Hiding is not available when working inside a system in VR. It only applies in AR/meatspace.


Cybercombat is any operator-vs-operator or operator-vs-Black ICE combat. Cybercombat can take place in VR or AR.

Treat cybercombat as similarly to melee combat in SWADE.

Give each deck a die type rating, depending on the decker’s Edge rank; Deck Builder = d6, Deck Optimiser = d8, Deck Customizer = d10.

  • Attack actions roll Hacking skill.
  • Firewall (‘cyberspace parry’) is 1/2 the operator’s Hacking skill, +2
  • Integrity (‘cyberspace toughness’) is 1/2 the deck’s die type, +2
  • Damage is equal to the deck’s die type plus the operator’s Smarts. +1d6 if the attack was a Raise, as usual.
  • Some meatspace actions also apply in cybercombat, such as:
    • Defend (+4 to Integrity, cannot take any actions)
    • Ganging Up
    • Wild Attacks (+2 to Hacking, but becomes Vulnerable)
    • …more…
  • If an operator attempts a graceful logoff, their opponent gets an immediate Free Attack, similarly to withdrawing from combat in meatspace. Alternatively, they can yank the cable from their deck, avoid the Free Attack, but will take Fatigue as usual from dumpshock.

Resolve damage to determine Shaken and Wounds as usual.

When operators fight each other, each Wound is only applied to their respective cyberdecks. When operators fight Black ICE, the Wounds are applied to the deck and the operator.

Denial of service (DoS)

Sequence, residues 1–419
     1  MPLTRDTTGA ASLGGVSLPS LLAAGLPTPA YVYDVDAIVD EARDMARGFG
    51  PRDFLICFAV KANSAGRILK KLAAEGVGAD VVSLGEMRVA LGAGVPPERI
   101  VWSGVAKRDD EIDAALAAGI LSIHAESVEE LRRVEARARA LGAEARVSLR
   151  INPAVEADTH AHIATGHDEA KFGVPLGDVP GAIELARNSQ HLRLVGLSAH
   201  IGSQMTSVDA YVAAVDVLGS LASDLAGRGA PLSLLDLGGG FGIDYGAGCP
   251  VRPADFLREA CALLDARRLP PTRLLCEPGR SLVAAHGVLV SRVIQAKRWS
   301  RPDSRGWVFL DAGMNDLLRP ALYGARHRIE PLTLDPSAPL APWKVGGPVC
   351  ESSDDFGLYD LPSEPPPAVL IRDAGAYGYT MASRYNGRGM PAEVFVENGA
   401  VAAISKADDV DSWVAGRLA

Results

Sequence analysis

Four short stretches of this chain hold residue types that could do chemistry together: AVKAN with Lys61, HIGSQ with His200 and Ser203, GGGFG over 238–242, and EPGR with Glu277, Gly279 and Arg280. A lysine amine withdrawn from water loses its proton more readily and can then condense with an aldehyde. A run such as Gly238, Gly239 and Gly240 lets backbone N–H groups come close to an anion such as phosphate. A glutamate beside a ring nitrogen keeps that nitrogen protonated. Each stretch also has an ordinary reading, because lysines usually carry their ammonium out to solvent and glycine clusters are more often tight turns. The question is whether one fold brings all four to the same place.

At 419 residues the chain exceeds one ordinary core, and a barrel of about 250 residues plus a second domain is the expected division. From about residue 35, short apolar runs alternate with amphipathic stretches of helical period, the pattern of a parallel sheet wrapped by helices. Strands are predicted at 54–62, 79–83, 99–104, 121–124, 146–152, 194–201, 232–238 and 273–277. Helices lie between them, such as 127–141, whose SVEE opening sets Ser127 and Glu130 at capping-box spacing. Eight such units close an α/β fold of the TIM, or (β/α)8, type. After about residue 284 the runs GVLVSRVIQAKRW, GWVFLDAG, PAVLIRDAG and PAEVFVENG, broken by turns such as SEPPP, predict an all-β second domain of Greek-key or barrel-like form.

Almost all electronic devices and cybernetic systems maintain a connection to the Matrix for secondary functions, diagnostic reporting, and similar. Hackers cannot disrupt the primary interface or functionality of a device; they cannot turn off someone’s cybereyes, prevent a smartgun from firing, remotely detonate a grenade on someone’s belt, or force a vehicle to crash by overriding someone who is manually driving it.

What they can do is a Denial of Service attack. DoS attacks involve a hacker flooding someone’s electronic and cybernetic systems with bad traffic, jamming up their responses and making them glitchy and unreliable.

DoS is resolved as a Test action, pitting the operator’s Hacking skill versus the Smarts of the target. The operator takes -2 to +2, depending on the number of electronic devices the target has. Targets with no electronic gear at all are immune to DoS attacks. Resolve Distracted/Vulnerable/Shaken outcomes as usual for Test.